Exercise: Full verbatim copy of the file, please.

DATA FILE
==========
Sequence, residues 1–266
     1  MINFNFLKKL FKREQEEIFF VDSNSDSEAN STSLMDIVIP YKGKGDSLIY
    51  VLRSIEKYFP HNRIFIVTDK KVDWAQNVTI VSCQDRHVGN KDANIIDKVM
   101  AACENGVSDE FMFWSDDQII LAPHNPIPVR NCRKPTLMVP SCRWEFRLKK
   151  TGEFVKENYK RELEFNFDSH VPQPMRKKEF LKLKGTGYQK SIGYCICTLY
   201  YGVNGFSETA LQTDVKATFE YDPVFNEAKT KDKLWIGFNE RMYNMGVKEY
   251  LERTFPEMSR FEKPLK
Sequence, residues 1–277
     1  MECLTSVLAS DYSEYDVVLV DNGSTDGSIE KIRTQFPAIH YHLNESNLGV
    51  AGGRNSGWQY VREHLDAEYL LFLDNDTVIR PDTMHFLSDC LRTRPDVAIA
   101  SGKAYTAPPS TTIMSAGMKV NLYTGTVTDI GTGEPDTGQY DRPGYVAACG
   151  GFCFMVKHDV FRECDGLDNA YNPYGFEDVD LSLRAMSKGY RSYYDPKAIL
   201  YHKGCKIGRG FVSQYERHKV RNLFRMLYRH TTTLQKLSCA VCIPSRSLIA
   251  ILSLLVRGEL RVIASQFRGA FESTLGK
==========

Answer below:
Sequence, residues 1–266
     1  MINFNFLKKL FKREQEEIFF VDSNSDSEAN STSLMDIVIP YKGKGDSLIY
    51  VLRSIEKYFP HNRIFIVTDK KVDWAQNVTI VSCQDRHVGN KDANIIDKVM
   101  AACENGVSDE FMFWSDDQII LAPHNPIPVR NCRKPTLMVP SCRWEFRLKK
   151  TGEFVKENYK RELEFNFDSH VPQPMRKKEF LKLKGTGYQK SIGYCICTLY
   201  YGVNGFSETA LQTDVKATFE YDPVFNEAKT KDKLWIGFNE RMYNMGVKEY
   251  LERTFPEMSR FEKPLK
Sequence, residues 1–277
     1  MECLTSVLAS DYSEYDVVLV DNGSTDGSIE KIRTQFPAIH YHLNESNLGV
    51  AGGRNSGWQY VREHLDAEYL LFLDNDTVIR PDTMHFLSDC LRTRPDVAIA
   101  SGKAYTAPPS TTIMSAGMKV NLYTGTVTDI GTGEPDTGQY DRPGYVAACG
   151  GFCFMVKHDV FRECDGLDNA YNPYGFEDVD LSLRAMSKGY RSYYDPKAIL
   201  YHKGCKIGRG FVSQYERHKV RNLFRMLYRH TTTLQKLSCA VCIPSRSLIA
   251  ILSLLVRGEL RVIASQFRGA FESTLGK